Small quantities of products are often crucial in niche markets with insufficient demand to justify producing large items. ETO allows manufacturers to create smaller quantities of products, which can help them tap into these markets.

A company that makes custom cabinets may use ETO to produce a limited number of cabinets in different colors and styles.

Small Quantities

ETO allows manufacturers to produce smaller quantities of products, which can be important for niche markets or custom applications. This helps reduce inventory costs and keeps specialized production line processes flexible.

A company that makes custom parts may use ETO to produce small quantities of components not available from the manufacturer.

Faster Time to Market

Unlike traditional manufacturing methods, it does not require developing a new mold or tooling for each new product. This speeds up the time it takes to get a new product to market.

A company that makes custom medical equipment may use ETO to produce new products for their customers quickly.

The disadvantages of ETO manufacturing

 Disadvantages of ETO

Following are the main disadvantages of Engineer to Order production:

Increased Costs

First, producing customized products can be more expensive than having standard products. This takes longer and requires more resources to create a design that meets the customer’s specific needs.

A company that makes custom cabinets may have to spend more time and money on research and development to create a new design for each customer.

Need for both engineering and manufacturing capability

ETO requires established company capabilities for both engineering and manufacturing. This can be a challenge for companies that do not have in-house resources.

A company that makes custom medical equipment may need to partner with another company to produce the finished product.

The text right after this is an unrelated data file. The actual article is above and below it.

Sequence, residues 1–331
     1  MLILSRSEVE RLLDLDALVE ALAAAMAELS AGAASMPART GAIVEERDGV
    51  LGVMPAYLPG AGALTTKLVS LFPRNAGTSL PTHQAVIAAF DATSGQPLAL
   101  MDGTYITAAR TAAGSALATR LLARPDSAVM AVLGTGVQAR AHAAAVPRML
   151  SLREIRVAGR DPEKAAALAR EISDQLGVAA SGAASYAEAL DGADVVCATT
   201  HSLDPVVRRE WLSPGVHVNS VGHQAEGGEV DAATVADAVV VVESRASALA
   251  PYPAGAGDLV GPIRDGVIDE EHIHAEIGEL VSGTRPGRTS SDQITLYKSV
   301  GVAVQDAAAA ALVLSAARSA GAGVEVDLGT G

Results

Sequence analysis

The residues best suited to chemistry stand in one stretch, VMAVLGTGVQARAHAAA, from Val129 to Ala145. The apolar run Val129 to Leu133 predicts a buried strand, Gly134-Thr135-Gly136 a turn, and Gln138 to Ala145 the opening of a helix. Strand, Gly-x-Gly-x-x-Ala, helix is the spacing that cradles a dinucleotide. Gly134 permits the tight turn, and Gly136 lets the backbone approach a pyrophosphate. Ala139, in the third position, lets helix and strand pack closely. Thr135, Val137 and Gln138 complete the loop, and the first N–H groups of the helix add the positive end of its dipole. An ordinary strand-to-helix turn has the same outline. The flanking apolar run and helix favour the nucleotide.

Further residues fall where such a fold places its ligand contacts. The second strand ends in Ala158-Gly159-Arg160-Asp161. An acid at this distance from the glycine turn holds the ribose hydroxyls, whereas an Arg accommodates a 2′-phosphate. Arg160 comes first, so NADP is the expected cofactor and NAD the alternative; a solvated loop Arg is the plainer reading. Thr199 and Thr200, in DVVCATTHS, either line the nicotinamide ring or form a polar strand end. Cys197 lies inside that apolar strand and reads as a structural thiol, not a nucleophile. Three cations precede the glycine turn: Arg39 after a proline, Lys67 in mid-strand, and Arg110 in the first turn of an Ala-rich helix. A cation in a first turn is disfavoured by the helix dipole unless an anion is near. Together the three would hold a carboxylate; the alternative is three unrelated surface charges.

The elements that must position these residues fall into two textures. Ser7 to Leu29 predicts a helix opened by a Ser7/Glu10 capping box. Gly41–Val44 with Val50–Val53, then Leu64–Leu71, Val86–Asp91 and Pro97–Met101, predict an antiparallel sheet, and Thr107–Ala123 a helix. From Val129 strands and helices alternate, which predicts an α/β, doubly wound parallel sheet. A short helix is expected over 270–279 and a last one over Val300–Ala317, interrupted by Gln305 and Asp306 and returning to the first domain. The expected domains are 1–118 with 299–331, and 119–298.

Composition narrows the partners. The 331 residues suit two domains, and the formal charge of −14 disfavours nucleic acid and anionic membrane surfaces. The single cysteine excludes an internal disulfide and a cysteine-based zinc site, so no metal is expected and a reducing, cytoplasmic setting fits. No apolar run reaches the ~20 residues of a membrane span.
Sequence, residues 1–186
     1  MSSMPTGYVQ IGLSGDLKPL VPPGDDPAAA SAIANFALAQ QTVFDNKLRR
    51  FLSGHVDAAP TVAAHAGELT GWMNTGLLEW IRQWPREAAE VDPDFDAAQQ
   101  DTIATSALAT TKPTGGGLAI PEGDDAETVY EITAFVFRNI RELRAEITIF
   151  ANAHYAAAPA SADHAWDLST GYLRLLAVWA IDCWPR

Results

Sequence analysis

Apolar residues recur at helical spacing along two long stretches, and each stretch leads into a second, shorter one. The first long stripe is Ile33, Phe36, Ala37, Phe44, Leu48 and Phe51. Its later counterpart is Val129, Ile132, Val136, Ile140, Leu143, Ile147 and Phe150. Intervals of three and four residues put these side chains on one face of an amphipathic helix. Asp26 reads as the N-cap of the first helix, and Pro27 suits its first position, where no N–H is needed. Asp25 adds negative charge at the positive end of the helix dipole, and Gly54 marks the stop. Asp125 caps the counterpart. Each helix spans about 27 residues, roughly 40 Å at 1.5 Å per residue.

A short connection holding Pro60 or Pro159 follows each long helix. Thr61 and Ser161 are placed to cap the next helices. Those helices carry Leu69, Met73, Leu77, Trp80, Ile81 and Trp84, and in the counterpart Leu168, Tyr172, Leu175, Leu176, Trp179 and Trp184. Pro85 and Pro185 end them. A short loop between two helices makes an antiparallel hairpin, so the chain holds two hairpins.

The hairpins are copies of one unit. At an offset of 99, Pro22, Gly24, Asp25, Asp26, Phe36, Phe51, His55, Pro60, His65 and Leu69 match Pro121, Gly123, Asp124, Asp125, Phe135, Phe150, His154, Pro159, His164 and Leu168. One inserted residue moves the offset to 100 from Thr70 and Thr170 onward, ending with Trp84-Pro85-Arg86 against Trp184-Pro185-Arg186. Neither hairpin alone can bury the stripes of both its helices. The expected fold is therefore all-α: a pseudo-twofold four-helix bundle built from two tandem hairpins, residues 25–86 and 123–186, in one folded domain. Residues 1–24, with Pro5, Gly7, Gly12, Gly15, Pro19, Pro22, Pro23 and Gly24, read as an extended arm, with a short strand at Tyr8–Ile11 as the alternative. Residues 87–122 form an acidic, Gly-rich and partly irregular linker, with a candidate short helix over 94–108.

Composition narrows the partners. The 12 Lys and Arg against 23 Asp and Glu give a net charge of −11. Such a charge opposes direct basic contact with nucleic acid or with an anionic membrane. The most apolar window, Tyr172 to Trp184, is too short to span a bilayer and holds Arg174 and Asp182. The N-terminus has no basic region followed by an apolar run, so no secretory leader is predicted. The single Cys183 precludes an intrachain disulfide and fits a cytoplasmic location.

Limited Availability

Customized products are not always available due to limited production capabilities. This can lead to backorders and frustrated customers.

A company that makes custom cabinets may only have a certain number of cabinet styles and colors available at any given time.

Limited Selection

Products produced using Engineering-to-Order usually have a limited selection. This is because products are not based on standard inventory and need more time to plan and create.

A company that makes custom medical equipment may only offer a few different products.

Longer Lead Times

Engineer-to-Order products typically have longer lead times than off-the-shelf products. This is because it takes time to receive the order, check the availability of materials, create the bill of materials, plan the production order, and produce the product.

A company that makes custom cabinets may need up to two weeks of lead time to produce the cabinets.

A few more disadvantages

  • The process can be more complex than the traditional production method.
  • It requires specialized knowledge and skills.
  • Product quality can be more challenging to ensure.
  • Product testing and validation are essential.
  • Customer involvement is essential.
  • This task requires a lot of coordination between different groups. For example, you will need the engineers, the people who make the product, and the salespeople to all work together to make this happen.
  • Requires a high degree of standardization to be effective.
  • It may not be suitable for all products or applications.
  • Requires a high level of commitment and investment to be successful.

FAQs

What is the difference between MTO and ETO?

MTO stands for “Make to Order.” This is one of the critical manufacturing functions where products are made based on accurate inventory management. ETO process where products are made based on customer specifications.

Can I use Engineer-to-Order for all my products?

No, not all products are suitable for this. It would help if you had a clear idea of what you are selling before putting a price on it.

Do I need special skills or knowledge to use Engineer-to-Order?

Yes, skilled production work counts with engineer-to-Order effectively. However, this process is more complex than traditional manufacturing processes.

Is Engineering to Order available from all manufacturers?

No, not all manufacturers offer Engineering To Order products. Therefore, you need to check with the manufacturer to see if they provide this service.

Conclusion

ETO is a process in which engineering and manufacturing occur at the company. The product is designed to meet customer needs.

This blog post discussed the definition of Engineer-to-Order, the process flow, and best practices. We also looked at how it works in SAP ERP and some best practices for implementing it. Thanks for reading!